Environmental Impacts of Takeaway Food Containers


According to researchers from University of Manchester effective measures are required to tackle the growing environmental impact of takeaway food containers

A research from University of Manchester published in Journal of Cleaner Production on November 24, 2018, estimated that around 2025 million takeaway containers are used annually in the European Union (EU). According to the researchers, use of effective measures to recycle disposable takeaway containers can aid in reducing equivalent greenhouse gas emissions generated annually by 55,000 cars. The research is the first ever comprehensive study of the environmental impacts of disposable takeaway-food containers.

The team observed aluminum, polystyrene (Styrofoam), and polypropylene (clear plastic) containers and compared these to reusable plastic containers such as Tupperware. The team found that Styrofoam containers have the lowest carbon footprint, which is around 50% lower than aluminum containers and three times lower than plastic containers. However, Styrofoam containers are not a sustainable packaging as these containers are not extensively recycled and are often dumped in landfill. The team used Life Cycle Assessment (LCA) to estimate the impacts of containers by recording manufacture, use, and end-of-life waste management of containers. The team investigated 12 different environmental impacts such as climate change, depletion of natural resources, and marine ecotoxicity.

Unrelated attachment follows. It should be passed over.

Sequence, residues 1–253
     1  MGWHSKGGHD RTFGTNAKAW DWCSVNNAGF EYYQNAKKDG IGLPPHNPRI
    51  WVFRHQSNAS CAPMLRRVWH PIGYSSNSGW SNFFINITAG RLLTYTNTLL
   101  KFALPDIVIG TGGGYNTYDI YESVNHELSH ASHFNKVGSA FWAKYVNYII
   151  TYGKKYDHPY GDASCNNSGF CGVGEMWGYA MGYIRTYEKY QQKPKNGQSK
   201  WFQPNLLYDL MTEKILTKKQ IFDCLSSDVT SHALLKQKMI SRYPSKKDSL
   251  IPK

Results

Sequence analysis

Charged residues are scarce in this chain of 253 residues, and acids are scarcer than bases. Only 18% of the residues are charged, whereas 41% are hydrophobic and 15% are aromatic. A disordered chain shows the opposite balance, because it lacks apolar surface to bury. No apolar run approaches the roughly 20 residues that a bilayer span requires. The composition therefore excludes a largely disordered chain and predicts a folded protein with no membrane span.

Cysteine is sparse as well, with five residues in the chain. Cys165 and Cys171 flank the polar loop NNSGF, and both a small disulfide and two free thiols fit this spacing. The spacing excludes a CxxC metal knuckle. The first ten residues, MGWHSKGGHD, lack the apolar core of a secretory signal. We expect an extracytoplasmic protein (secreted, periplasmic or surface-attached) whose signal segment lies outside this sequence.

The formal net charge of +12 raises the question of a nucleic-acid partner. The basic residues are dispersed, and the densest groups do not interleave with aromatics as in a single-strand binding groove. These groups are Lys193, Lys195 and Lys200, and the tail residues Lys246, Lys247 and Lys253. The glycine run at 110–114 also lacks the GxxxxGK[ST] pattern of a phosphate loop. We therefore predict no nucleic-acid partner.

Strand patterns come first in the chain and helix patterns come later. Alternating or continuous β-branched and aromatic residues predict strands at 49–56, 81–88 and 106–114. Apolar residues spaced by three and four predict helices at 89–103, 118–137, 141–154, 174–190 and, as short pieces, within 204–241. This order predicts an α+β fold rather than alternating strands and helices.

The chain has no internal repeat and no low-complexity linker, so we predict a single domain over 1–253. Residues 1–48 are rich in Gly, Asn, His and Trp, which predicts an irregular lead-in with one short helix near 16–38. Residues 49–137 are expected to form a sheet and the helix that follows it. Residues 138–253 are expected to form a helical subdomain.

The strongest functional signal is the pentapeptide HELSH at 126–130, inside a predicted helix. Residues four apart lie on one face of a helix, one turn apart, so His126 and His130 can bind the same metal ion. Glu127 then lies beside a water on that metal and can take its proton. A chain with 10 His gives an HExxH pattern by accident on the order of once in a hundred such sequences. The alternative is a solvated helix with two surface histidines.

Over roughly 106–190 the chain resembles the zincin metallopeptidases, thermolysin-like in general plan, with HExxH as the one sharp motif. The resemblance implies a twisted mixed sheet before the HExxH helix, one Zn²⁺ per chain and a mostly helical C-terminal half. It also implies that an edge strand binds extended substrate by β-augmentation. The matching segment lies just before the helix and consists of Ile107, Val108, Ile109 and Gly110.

The researchers found that the Styrofoam container was the best option among the disposable containers across all the impacts considered such as the carbon footprint. The Styrofoam container had 50% lower carbon footprint compared to aluminum and three times lower compared to plastic. This is attributed to the lower amount of materials and energy used in the production of Styrofoam compared to aluminum and plastic containers. However, Styrofoam containers are currently not recycled. Therefore, these containers cannot be considered a sustainable packaging option for food. According to the research, recycling 50% of the containers currently in use can reduce carbon footprint by 33%.


About Author

Curt Reaves started working for Plains Gazette in 2016. Curt grew up in a small town in northern Iowa. He studied chemistry in college, graduated, and married his wife one month later. He has been a proud Texan for the past 5 years. Curt covers politics and the economy. Previously he wrote for the Washington City Paper, The Hill newspaper, Slate Magazine, and ABCNews.com.